This is another really amazing pattern. Nicole Phelps on Style.com's review of the collection said what I thought when I saw it -- in those tones on that fabric, it looks a bit H.R. Giger-esque (he's the guy who designed the alien for the "Alien" movies). It's beautiful slightly weird & hypnotic and a little unnerving, but good googly-moogly, do I hate that bandage bodice with the keyhole. It robs the garment of all its potential elegance.
Again I shake my fist at the sky and curse Christophe Decarnin.
This is a nice enough dress. Actually, no, this dress is lovely. I think this dress, given correct sizing, would be extremely wearable and flattering on many different sorts of women -- thumbs up for this one. And I do love a good white dress.
Oh, goodie! Here comes some print!
Oooh, and some more!
I really love this dress -- this is a classic item that you could wear for yeeeeears. (And you'd better -- Pucci is dayum'd expensive.)
Now we're right in my sweet spot -- it's jersey, it's print, it's fantastic. Only two colors, but that's okay. I love it.
Oh, dear. Oh, we should have quit while we were ahead. Oh. Dear.
I'm still reserving judgment. I think you have to give any designer a pass on his first collection when he steps into another house, especially one that's been so successfully headed by someone else as Pucci has been by Williamson. And I'm encouraged by the direction that the resort show took. And I'm trying not to be an old fuddy-duddy about one of my favorite labels, but I do SO love Pucci and all its bright, brash, printed exuberance. I fully understand that it's important for a house with a history to keep moving forward, but I'm getting plenty cheesed about the formula some of the mega luxury corporations seem to be using to make it happen. Take a label with decades of fashion history behind it, pop in some happening new designer, and use the name as a veneer to cover designs and products aimed primarily at hip young models, model-types, model-wannabes, model-worshippers, and other people whose names & faces are found inside fashion magazines and whose apparent profession is "go to gallery openings and smoke." The prototype for this is Nicholas Ghesquiere at Balenciaga, and Christophe Decarnin at Balmain and Tisci at Givenchy followed with equal success. I'm not saying none of these designers is talented (okay, I have said that about Tisci & Decarnin), but Balenciaga is not about Balenciaga anymore, it's about Ghesquiere. (And as for Givenchy? Well, may I remind you that he was one of Audrey Hepburn's favorite designers. 'Nuff said.) That's fine, I guess, but then why are we calling it Balenciaga? Or Givenchy? Why not just give them their own labels & be done with it? Why call it what it's not?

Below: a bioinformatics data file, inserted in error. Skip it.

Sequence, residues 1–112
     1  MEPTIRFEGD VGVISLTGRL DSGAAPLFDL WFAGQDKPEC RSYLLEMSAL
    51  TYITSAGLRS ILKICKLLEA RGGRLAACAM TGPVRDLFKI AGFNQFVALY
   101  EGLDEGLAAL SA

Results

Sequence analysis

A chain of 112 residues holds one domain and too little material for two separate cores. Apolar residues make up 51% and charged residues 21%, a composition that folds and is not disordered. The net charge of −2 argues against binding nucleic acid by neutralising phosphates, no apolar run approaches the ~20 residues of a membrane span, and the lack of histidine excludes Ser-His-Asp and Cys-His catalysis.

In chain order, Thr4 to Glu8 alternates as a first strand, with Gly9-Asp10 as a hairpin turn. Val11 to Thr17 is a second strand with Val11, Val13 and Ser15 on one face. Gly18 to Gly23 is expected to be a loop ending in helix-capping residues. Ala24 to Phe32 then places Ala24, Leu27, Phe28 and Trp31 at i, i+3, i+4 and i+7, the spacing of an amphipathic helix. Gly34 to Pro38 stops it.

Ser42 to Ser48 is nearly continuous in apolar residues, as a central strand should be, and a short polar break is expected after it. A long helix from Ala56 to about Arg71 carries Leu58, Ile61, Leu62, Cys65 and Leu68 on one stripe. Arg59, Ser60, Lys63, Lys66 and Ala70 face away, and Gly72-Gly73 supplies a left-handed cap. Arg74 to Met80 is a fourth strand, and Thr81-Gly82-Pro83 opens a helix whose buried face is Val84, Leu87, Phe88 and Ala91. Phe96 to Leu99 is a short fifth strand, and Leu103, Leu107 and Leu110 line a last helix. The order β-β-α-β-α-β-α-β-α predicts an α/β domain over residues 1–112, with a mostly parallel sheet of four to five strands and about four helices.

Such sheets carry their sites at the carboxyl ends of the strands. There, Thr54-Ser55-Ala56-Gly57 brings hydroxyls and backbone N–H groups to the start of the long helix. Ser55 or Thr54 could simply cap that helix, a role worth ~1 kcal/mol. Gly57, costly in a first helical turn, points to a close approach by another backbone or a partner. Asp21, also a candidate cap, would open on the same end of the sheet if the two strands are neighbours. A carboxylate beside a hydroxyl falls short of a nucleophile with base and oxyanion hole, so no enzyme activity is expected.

And then, like a dog chasing its own tail, I wonder, does it really even matter? If I'm so gosh-darned fashion-forward, why does it even bother me? Shouldn't I just get over myself and judge the stuff for what it is, not compare it to what it was or what I think it might have been? After all, I can't seem to be made happy ever -- not too long ago I was complaining bitterly about a house that was SO determined not to move forward that their runway looked like a morgue.
So I'll wait and see what they do to Pucci. It seems like a house with so strong a signature and look would be hard to screw up, but it may be that the PTBs behind it want to create yet another go-to label for the hippest of the hip, who wear their jeans low & skinny, their eyeliner thick & black, and their expressions blank and blasé.
Oh, the idea depresses me. I'm going to go put on some shoes to cheer myself up. I've got just the thing.
There. That's better.
images: Style.com, wikimedia.org, about.com, Style Spy